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GUNS Magazine Digital May 2011 - Page 32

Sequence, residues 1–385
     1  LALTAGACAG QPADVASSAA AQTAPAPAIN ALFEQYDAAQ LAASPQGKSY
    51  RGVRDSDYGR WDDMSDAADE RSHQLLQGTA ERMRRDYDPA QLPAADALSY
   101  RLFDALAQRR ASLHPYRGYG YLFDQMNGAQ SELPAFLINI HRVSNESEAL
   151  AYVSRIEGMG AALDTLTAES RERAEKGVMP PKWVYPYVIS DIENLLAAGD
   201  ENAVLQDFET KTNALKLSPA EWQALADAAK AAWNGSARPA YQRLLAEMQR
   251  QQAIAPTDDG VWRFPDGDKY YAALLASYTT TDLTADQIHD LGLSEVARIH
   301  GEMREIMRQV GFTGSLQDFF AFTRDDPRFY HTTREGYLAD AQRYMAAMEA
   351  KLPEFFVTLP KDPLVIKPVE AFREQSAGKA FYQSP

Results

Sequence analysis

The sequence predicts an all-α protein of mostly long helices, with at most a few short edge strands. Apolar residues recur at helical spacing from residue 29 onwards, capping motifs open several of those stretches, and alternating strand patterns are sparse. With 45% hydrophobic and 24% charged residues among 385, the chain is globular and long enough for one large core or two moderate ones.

MIKE CUMPSTON A break-Top Mini .22 WMR from NAA. n April of 2010, somebody close to the source sent I up a trial balloon of sorts. It was a pre-announcement revealing the development-in-progress of a new evolution of the perennially popular North American Arms Mini Revolver. Rather than depending on partial disassembly for loading, this .22 Winchester Magnum Rimfire would break open from the top in the tradition of the 19th century Smith & Wesson and Iver Johnson pocket revolvers. Accompanying pictures of the complete revolver suggested introduction was imminent. “We Will Sell No Revolver Before Its Time”—Sandy Chisholm, President, North American Arms Inc. I contacted Sandy at NAA and learned the future of the top-break revolver was very much up in the air and the design would see the light of day only if it proved mechanically sound and economically feasible. The design that emerged in late October features a sturdy hinge with camactuated cartridge lifter that appears to be identical to the arrangement on my Iver Johnson hammerless. It operates in the same way. Pushing up on the topstrap locking stirrup releases the barrel a BLast from the Past The overall measurements of the break-top revolvers (above) are the same as those of the Model 22M. The lock work parts are identical and the BT should be amenable to the investment casting used in other models. The cam-actuated ejector (below) works exactly like those of 19th and early 20th century top breaks. As the barrel is swiveled down, the ejector plate rises and ultimately snaps back in to place. The throw is too short to eject the magnum cases but it does present them for easy manual removal. The product of lengthy and intensive research and development, the north American Arms Top Break Mini Revolver has entered the marketplace in the form of a 500-unit “pre-production” run. A portion of the tool-room revolvers were made available by pre-order with the remainder placed with distributors in early november 2010. The challenge facing nAA is putting the design into full production at a significant reduction in price. 32 and cylinder to rotate downward. At the height of the rotation, the shell plate lifts the cartridges for easy removal. At the end of the stroke, the shell plate snaps back flush in the cylinder. A fully enclosed stirrup engages a square lug at the top of the frame—promising far greater rigidity than is usually seen on 19th century top breaks. The lock work is borrowed from the existing mini revolvers and the safe-carry and shooting sequences are the same. The cylinder attaches to the barrel assembly via a spring-loaded arm that hooks into a groove in the cylinder bushing. The BT, as it is currently known, seems inspired by enthusiasm rather than any hope for immediate profit. The first 500-unit run is machined from stainless steel stock, involving many intricate operations and considerable expense. The ongoing challenge is to translate the design to the investment cast major substructures common to the NAA line. Chisholm predicts that a 25-percent reduction in price will be required to give the BT a foothold in the marketplace. WWW.GUNSMAGAZINE.COM • MAY 2011